Search iMusings

Wednesday, April 14, 2010

The Sociology of Twitter

With news that Twitter's entire backlog of tweets will be headed for the Library of Congress, will this open broader channels for sociology-based research using the micro-blog medium? I'd definitely be interested in a study on celebrities who have foregone their agents wishes and posted incriminating tweets and how this effects their careers. Really, I think this opens up possibilities of assessing Twitter for usefulness - what are people actually Tweeting about and what relevance that holds for the individual, the local community and the global community. There's a lesson in their for students on their contextual use of the internet - what is the bigger picture and what is it really all about. The transparency of posting online content should open our eyes to something more - it makes us community members on a global scale.


  1. Unfortunately the link to the article is not showing up in my post, so here it is:

    (You may need to rather clunkily copy and paste the url - alternatively, the article was posted as part of Mark's Twitter feed.)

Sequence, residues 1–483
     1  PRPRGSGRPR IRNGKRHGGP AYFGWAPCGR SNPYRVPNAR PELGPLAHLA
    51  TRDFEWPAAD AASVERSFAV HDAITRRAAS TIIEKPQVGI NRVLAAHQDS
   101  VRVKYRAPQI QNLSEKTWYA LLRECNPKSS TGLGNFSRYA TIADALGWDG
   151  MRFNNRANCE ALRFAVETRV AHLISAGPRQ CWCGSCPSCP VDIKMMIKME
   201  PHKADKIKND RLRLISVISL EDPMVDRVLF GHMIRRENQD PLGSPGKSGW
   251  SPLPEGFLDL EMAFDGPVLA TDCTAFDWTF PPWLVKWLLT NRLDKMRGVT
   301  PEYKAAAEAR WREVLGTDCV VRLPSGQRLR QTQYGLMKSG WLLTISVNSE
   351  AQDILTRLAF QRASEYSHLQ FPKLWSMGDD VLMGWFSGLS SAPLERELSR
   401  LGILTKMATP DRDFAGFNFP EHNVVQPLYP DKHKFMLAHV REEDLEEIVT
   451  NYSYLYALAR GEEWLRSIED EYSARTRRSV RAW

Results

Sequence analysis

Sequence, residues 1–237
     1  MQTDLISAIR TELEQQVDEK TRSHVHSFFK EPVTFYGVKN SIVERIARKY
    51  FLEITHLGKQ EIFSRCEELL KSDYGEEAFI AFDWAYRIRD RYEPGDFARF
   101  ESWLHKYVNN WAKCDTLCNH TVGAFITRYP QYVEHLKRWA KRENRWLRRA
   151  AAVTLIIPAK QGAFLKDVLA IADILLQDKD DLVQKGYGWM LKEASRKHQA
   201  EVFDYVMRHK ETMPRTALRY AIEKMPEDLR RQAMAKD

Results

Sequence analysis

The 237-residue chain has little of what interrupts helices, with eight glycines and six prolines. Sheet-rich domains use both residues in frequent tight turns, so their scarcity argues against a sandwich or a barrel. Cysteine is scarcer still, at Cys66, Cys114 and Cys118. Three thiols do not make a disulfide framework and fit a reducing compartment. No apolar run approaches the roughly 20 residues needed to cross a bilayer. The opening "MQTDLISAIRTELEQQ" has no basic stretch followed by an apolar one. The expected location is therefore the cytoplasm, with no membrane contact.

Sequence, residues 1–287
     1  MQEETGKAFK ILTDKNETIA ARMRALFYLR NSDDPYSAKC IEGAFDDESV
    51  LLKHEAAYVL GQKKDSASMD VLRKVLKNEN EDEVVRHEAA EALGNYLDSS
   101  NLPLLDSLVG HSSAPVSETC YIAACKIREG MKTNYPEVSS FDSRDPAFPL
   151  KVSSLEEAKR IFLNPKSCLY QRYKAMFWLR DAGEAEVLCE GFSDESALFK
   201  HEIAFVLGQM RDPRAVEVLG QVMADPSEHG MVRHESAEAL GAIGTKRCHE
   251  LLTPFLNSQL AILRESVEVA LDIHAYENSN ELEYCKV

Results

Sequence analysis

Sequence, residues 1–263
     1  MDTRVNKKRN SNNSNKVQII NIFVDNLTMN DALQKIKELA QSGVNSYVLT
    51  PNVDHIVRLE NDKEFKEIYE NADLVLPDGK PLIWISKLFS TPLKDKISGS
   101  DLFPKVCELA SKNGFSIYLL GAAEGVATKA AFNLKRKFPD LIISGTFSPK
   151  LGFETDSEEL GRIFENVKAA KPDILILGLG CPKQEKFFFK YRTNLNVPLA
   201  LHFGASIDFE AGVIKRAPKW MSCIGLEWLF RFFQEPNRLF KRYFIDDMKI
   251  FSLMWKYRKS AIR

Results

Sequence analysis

2. Matt, I think you're spot on with your final comment. Twitter, like all of these social web tools, allows us to engage with large numbers of others in relatively democratic, horizontal networks, rather than remaining confined in vertical social structures which limit our access to and interactions with each other. Naturally, there are those who are unsettled by such open access - including, notably, the middlemen (middlepeople?) who have traditionally acted as gatekeepers between celebrities and the public. Of course, as you say, there are celebrities - and for that matter, plenty of non-celebrities - who have misunderstood the amplified nature of communication through the network and suffered the consequences of posting too much private information in too public a space ...